Every few months, I get the urge to abandon all routines and habits and live my life as I choose (Zero Day Approach). The major disadvantage is that it halts and reverses my personal development. In a nutshell:
- I temporarily abandoned my calorie monitoring and good eating awareness in October last year. "It's just wasting my time and being tiresome!" I thought. The outcome? I gained ten kilogrammes in three months.
- More often than not, I abandon my note and task management, work with a piece of paper, and resolve not to allow my intents and goals to drive me. The outcome? At the end of the week, I accomplished nothing, and I don't even remember what I spent my time doing. It was just pulverised between e-mails and meetings, resulting in significant discontent.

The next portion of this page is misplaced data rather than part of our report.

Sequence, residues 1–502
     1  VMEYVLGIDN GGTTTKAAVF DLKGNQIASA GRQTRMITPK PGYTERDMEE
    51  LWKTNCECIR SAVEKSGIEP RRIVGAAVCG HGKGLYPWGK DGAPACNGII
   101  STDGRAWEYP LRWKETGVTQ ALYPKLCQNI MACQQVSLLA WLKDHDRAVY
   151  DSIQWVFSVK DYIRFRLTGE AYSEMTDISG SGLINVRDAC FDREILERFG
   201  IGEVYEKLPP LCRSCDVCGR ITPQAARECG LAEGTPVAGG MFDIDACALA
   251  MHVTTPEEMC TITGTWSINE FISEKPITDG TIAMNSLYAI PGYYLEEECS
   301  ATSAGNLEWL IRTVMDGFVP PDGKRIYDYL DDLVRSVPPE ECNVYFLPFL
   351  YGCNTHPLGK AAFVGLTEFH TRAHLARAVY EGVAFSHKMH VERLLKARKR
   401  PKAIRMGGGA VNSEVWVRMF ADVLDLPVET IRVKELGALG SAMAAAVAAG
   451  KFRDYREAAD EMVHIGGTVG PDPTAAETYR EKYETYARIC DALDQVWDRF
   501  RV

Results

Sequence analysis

- If I don't spend 1 to 2 hours per day working for Deliberate-Diligence.com, I may easily enjoy considerably more relaxed days. The outcome? This way, making pocket money will never be a real opportunity.
- And so forth.
Consequently, what does this have to do with Entropy?
It enables us to observe these circumstances with considerably more calmness. To reconcile discontent with repetitive tasks, one must recognise that Entropy is an inherent component of life and systems.
Thermodynamics' entropy term refers to the disorder or randomness of a system. Entropy increases with time in a closed system, indicating that the system becomes more disordered. This concept applies to numerous fields, such as thermodynamics and information theory.
I feel Entropy also applies to self-improvement and the acceptance of maintenance efforts that humans must suffer. It is simply a part of life.
Entropy implies that the universe is in the process of dissolving. Still, living beings (such as us humans) are temporarily and locally responsible for combating Entropy and establishing order. Nevertheless, this order degrades if it is not maintained.